Monday, August 3, 2015

My Favorite Movie Props


















Can we first address how awesome am I not to give into the temptation to make a corny pun about movie props in the title? Okay, glad we got that out of the way.

Recently, I was asked by Invaluable.com—an auction marketplace website featuring antiques, collectibles, and everything in between—if the rules were lifted and I could have any movie props from any movie, what would they be?

First of all, I shall institute some parameters (although I will break them later on, because that's how I roll). These props can't be super famous, like the ruby slippers above. I like to think out of the box, that being said, I'm probably not a hipster so this plan will crumble very soon. I'd just like to point out that my intentions were always good. This means we won't be seeing anything from "Star Wars", or "Lord of the Rings", or "Harry Potter", or any other franchise of extreme fame.

The mask from "Brazil"




The Orwellian fantasy of "Brazil" seems hardly complete without its last scenes. While everything in this movie screams of collectibility (not a word, but one that I think should be), the very last scene in which a baby mask become the scariest thing you can imagine, is the movie's most successful. The greatest of all Gilliam's movies, with a set design that dwarfs all contemporary pieces, perhaps we'd like to own the entire set...but we'll settle for the baby mask instead.

The top from "Inception"





Okay, so I broke my own rules already. This one is obvious, since "Inception" is always in my tops movies. The spinning top, the final frames, they don't really capture the movie's aching poetry and its heist like speed, the adrenaline, nor the complexity of the movie; but with only a top spinning round and round for perhaps eternity, there seems no better prop to condense this movie to a single object.

 

The coffee mug from "Usual Suspects"





If you haven't seen this movie, you need to and the mug is an obvious pick. There's something incredibly delightful about the way "The Usual Suspects" blends crime and intrigue together for a masterclass in screenwriting. It's seasoned, mature, goofy at times, and always full of quotable moments. The mug itself is sort of the linchpin in detective work that comes perhaps a bit too late.

 

The hat from "Breathless"




The king of hipsters himself, Jean-Luc Godard. This movie is by far his best work and Patricia Franchini's hat is simply the coolest. Technically both Jean-Paul Belmondo and Franchini wear this hat, but it looks way cooler on Franchini. The tale of romance, intrigue, lies, and life itself (well, maybe not), "Breathless" would be incomplete without its style. The hat serves as the best reminder of that.

 

The gloves from "Funny Games"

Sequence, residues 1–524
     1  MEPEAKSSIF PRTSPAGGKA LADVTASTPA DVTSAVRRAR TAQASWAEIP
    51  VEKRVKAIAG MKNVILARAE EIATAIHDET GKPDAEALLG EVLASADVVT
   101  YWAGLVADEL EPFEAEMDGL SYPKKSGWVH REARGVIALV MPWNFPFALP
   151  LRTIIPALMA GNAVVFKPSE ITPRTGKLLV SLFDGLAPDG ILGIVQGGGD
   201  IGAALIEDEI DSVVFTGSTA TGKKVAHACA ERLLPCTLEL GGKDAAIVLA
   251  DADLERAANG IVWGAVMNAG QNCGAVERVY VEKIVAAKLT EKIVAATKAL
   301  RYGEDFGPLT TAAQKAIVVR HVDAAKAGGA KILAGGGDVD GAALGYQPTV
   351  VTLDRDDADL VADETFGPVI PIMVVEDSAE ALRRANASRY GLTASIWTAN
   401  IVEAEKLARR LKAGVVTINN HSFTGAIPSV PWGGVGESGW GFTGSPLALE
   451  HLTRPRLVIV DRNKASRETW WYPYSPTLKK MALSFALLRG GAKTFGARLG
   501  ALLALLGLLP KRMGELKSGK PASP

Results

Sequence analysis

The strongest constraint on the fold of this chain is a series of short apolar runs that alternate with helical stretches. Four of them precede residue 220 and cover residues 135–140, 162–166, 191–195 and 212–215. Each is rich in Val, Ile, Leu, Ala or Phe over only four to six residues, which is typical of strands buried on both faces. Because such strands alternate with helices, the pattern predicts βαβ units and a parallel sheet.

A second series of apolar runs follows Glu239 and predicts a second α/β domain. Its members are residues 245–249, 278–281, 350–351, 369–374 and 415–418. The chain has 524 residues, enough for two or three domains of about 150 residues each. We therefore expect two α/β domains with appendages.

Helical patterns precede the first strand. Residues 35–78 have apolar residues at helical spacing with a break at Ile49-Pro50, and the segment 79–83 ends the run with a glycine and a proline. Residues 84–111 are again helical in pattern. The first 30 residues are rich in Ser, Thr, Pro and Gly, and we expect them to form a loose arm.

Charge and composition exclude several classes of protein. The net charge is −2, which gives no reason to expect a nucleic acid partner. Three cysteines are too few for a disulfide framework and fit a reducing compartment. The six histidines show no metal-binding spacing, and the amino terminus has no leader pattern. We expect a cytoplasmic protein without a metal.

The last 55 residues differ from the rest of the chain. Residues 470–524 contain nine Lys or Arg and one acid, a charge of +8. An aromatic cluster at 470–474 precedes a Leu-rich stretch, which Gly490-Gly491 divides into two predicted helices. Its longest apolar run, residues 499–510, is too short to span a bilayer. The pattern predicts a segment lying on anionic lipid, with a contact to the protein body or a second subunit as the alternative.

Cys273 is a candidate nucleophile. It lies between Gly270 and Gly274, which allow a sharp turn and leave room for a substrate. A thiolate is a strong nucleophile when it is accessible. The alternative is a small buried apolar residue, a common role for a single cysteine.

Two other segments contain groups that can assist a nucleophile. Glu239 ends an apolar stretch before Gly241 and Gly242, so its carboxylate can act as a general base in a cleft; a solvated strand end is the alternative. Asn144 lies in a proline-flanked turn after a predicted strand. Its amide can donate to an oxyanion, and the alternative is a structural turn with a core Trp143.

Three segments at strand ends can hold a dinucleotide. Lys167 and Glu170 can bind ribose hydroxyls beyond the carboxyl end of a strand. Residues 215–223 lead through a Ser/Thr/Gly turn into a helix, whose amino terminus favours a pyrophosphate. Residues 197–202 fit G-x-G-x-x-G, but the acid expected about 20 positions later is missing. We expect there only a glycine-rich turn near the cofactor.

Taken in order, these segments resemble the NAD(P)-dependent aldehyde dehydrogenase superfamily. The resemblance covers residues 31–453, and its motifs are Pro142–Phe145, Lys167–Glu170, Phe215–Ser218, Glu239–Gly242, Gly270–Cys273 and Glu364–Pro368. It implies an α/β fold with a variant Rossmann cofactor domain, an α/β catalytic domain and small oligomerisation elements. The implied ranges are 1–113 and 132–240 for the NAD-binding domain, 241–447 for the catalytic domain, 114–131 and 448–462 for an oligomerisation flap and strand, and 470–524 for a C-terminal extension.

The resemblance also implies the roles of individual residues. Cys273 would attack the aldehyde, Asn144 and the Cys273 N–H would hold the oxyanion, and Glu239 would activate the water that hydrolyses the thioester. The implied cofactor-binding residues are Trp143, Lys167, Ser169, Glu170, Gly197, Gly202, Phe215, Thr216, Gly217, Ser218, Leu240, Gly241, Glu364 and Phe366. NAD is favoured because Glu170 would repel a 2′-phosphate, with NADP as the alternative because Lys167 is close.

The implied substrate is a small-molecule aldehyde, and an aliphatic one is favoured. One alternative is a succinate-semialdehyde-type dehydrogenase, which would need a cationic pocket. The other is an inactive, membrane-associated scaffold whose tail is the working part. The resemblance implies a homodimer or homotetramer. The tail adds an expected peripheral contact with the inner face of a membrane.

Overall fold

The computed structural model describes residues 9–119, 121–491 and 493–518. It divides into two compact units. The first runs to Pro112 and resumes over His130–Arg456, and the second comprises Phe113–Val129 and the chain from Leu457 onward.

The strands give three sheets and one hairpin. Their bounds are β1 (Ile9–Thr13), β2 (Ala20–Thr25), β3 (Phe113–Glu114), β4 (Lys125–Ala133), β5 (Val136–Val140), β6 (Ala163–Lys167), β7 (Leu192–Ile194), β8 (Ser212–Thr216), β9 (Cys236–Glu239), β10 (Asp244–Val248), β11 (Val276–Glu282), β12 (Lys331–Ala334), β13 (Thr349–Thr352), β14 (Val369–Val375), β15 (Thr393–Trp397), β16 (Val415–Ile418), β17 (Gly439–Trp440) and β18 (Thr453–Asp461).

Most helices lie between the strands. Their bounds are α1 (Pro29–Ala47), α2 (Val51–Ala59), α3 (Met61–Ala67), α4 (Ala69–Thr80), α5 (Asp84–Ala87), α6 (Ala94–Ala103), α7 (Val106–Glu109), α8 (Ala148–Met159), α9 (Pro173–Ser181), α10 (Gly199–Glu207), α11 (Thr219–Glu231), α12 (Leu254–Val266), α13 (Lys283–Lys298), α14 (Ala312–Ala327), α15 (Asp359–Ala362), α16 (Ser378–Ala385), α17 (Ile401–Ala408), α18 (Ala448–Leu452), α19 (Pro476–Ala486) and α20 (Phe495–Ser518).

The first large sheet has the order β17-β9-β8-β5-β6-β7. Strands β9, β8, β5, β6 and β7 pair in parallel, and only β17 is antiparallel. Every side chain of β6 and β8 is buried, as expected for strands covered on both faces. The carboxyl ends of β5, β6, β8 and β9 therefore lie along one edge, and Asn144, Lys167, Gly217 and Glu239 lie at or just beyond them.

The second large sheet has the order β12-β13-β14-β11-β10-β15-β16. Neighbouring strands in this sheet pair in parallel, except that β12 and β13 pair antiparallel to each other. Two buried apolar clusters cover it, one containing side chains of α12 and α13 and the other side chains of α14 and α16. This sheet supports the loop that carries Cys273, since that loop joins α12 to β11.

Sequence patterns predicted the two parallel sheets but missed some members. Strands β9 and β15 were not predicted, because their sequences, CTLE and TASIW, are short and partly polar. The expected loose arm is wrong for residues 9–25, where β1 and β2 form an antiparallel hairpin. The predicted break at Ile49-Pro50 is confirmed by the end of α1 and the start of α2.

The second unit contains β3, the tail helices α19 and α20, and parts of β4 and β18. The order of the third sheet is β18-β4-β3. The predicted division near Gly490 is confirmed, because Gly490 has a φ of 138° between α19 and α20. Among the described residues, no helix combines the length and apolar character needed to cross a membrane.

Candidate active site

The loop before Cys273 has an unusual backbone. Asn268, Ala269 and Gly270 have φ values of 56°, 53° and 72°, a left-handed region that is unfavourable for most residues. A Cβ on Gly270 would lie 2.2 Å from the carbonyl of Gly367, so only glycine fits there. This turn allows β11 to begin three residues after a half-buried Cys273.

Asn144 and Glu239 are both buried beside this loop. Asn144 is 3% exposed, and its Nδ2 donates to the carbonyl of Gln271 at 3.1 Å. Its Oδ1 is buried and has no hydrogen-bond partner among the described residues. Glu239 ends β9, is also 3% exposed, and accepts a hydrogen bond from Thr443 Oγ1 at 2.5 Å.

"Funny Games" is a viewing experience unlike anything else. It's brutal, playful, teasing, and infuriating. This is probably why the white gloves that both the young men wear are so curiously out of place, and yet perfect. Donning all white, that is mostly unstained by the end of the movie, their gloves are just another layer of the genius costume design. This innocent and careless superiority is one of the reasons "Funny Games" smacks you in the face.

 

The makeshift gun from "No Country for Old Men"




Who wouldn't want a stunner of a gun? Okay, that was lame, but seriously. Anton Chigurh's makeshift death device is present from the very beginning of the movie and it helps to make his presence one of extreme terror. Every time his figure looms on the screen, you know something's about to happen, part of this is due to his relentless killings and this unique gun is perfect for his part.

 

The camera from "Memento"





 Nothing sums up "Memento" better than the camera. For a movie about a man who cannot make new memories, the camera is the best example of a picture never saying a thousand words. Interpretations change, the meaning shifts, even as the photo develops before our protagonist's eyes. "Memento" may not be Christopher Nolan's flashiest movie, but it is certainly one of his most complex and his grittiest.

 

The pod from "Prometheus"





"Prometheus" I will defend to the death. Its complicated commentary on religion, origins, and faith is just flawless to me. The writing team and Ridley Scott try to one-up the chest-burster scene from "Alien" with the medical pod that, among other uses, provides and emergency C-section for the main character. It's beyond claustrophobic and almost epic in a way. This would be cool to have if you had the space for it and the willingness to hear from every other person why "Prometheus" is actually stupid. People, calm down. It's subjective...and also I'm right.

 

The beaver from"The Beaver"




This is a great example of a prop actually being a character. In Jodie Foster's "The Beaver", a puppet serves as the gateway between a man's depression and the lives of his family. Not only does the film manage to somehow give puppetry a serious place, it also manages to weave the oddities of its story together without feeling fake or insensitive.




There, I think I've exhausted my immediate thoughts. Of course, given years these would change and I'm sure I would like to include props from "Laurence of Arabia" and "Casablanca" or even "La Dolce Vita", but I can't think of any that stand out to me at this moment. So there you have it, those are the props I'd like to have. Thanks to Invaluable for this entertaining question which I'll leave all of you with. What movie props would you like to have?

If you're interested in Invaluable's collection of movie props, say no more and simply click here.


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